I need a church with a group of elders where none is greater than another. Genuine plurality usually helps to prevent the dictatorship of an insane person at the helm. Sadly, I’ve been a part of a church where this unimaginable horror happened. That pastor took Scripture out of context, taught what he shouldn’t have taught for his own shameful gain, and beat down his congregation with the Law every week without any Gospel to lift them up. And there was nothing anyone could do about it. He was the “man of God,” and in this Law-heavy culture, you don’t question the “man of God.” Because it sucked all the life out of us—we left.
We all need a pastor who knows the Bible well, is apt to teach, and who is accessible to the congregation to—you know—TEACH them. A narcissistic pastor who lives in a walled castle doesn’t speak “servant” to me (I don’t know, maybe I’m weird).
I also need elders who love me and have compassion for me, who aren’t surprised by my sin and will continually feed me Christ and His forgiveness, execute church discipline when necessary, and are wise enough to know when it is, in fact, necessary. I need elders who are humble, gentle, peaceful, sober, hospitable, not greedy for gain, self-controlled, lovers of good, upright, spiritually mature, and examples to the congregation, who are faithful, good stewards, loving their wives and children well.
#4: Evangelism and Outreach
I need a church that preaches the Gospel to all sinners (which is everyone, including me) and who loves every brand of sinner there is (including me). I need a church who loves sinners deeply and passionately, who give freely to the poor and needy, and who doesn’t judge because they know they are just as terrible as everyone else.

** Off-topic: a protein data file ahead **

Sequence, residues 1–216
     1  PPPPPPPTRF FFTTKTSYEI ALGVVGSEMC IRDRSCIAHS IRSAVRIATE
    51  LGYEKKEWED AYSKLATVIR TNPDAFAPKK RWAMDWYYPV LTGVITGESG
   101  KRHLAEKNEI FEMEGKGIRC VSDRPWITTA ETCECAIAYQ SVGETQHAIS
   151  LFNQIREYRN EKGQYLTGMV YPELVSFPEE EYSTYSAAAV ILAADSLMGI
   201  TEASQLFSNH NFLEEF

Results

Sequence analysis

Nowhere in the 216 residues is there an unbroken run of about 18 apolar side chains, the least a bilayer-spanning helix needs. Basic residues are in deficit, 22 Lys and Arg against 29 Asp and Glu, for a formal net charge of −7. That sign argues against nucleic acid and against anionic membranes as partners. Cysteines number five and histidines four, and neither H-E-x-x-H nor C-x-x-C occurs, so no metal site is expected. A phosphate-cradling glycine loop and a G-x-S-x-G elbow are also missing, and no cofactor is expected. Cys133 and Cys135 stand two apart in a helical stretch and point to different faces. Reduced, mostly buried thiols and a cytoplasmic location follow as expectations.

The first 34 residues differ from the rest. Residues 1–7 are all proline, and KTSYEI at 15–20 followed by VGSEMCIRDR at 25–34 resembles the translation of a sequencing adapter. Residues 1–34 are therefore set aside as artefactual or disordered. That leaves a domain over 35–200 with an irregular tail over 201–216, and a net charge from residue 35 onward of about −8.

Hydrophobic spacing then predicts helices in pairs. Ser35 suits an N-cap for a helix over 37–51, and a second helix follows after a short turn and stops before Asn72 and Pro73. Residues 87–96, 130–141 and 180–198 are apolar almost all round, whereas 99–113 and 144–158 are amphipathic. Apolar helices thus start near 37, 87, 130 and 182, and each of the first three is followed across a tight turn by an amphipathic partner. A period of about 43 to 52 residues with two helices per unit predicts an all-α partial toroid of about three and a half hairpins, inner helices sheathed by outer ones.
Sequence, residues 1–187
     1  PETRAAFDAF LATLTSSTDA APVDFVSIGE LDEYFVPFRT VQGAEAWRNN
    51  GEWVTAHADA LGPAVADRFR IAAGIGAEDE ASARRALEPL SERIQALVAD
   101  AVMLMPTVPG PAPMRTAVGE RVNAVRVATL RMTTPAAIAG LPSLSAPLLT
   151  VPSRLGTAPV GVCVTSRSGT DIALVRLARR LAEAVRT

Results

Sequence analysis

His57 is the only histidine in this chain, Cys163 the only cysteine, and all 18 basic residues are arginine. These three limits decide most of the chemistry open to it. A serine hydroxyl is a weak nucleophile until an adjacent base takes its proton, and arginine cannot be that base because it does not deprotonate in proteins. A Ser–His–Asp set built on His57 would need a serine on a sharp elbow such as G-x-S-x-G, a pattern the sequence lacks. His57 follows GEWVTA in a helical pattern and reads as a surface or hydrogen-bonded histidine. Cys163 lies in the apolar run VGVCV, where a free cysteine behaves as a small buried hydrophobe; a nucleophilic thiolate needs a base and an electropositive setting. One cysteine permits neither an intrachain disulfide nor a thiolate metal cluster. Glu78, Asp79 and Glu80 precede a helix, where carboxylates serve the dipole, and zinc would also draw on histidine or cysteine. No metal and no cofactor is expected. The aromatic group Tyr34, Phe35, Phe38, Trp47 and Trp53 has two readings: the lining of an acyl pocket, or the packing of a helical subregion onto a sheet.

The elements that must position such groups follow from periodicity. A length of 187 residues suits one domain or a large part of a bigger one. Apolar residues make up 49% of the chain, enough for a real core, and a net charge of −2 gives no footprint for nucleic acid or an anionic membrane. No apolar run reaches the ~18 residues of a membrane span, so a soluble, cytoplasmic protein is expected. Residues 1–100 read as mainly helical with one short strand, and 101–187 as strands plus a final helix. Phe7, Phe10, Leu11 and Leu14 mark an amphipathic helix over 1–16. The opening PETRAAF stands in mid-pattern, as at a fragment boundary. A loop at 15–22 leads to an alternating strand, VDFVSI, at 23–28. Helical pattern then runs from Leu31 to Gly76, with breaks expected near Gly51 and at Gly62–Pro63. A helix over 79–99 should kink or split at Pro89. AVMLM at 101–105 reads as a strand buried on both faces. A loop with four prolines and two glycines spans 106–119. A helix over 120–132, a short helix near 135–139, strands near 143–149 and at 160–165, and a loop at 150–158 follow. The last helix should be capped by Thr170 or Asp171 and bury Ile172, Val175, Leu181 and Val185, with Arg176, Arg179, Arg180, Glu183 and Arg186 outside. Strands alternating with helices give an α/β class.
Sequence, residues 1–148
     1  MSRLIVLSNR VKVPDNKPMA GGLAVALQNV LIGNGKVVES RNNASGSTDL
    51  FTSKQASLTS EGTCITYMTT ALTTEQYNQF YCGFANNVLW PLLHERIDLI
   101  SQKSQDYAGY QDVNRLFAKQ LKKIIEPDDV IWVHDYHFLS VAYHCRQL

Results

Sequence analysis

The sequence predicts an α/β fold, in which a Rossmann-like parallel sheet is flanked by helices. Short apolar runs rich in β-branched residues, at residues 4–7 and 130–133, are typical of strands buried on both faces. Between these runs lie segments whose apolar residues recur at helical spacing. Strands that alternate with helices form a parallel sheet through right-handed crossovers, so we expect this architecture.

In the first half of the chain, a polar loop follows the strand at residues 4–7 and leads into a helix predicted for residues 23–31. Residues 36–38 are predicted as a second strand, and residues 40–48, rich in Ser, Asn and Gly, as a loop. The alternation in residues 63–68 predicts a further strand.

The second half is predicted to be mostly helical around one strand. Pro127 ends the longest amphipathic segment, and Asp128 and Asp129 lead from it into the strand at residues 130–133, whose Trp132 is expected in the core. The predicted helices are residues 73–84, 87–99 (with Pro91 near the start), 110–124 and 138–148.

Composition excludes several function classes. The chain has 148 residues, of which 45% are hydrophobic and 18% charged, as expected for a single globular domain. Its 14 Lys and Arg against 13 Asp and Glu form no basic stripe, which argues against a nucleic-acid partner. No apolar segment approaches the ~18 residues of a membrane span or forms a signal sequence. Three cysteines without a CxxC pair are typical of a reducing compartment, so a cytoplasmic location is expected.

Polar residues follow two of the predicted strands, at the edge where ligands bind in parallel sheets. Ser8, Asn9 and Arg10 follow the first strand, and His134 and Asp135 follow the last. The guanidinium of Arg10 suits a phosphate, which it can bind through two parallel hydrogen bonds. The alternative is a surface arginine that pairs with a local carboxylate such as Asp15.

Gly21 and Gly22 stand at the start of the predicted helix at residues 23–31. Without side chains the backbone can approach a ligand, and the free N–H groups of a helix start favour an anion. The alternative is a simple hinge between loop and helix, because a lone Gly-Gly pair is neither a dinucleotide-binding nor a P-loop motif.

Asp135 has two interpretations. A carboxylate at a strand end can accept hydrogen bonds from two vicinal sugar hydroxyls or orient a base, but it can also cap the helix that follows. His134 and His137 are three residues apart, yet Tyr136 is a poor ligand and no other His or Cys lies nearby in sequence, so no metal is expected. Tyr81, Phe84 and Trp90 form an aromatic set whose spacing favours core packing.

#5: Lastly—People Who I “Mix” With
“Mixology” might seem silly or unnecessary (or even blasphemous to some), but I want a church where I honestly like the people, and they like me too. The fact of the matter is, I have a few very visible tattoos and pink hair. I'm a woman, but I'm loud and boisterous and highly opinionated. I don't fit in at a lot of places. There are many churches where my mere presence would cause division. I need a church where the people love me for who I am, who will be a part of our lives so closely that to remove one of us would be crushing. I need a church with people who will bear my burdens and who will let me bear theirs too. Messy people love messy people—and I have a lot of mess for people to love. Do you get what I’m saying here? I need a church full of sinners who are close enough to press my buttons and remind me that I'm a sinner too—but with good news about the Savior who SAVES sinners.
And that concludes my list of 5 things I need in a church. I hope you enjoyed it. I certainly enjoyed getting my list on. And for all of you hurting people out there having to go through the process of finding a church—I feel you—I was you. But the best news is that Christ sees you. You are not alone no matter how alone you might feel. And soon, this exhaustive search will come to an end, and you’ll find a church you can nestle in and everything will continue to be messy and hard and sometimes even suck. But it will also be beautiful and full of Christ’s unending love and grace. I’ll be praying for you, but please be praying for me too. Because I DID find THAT church, and guess what? It’s still not perfect—but it's forgiven—every Sunday.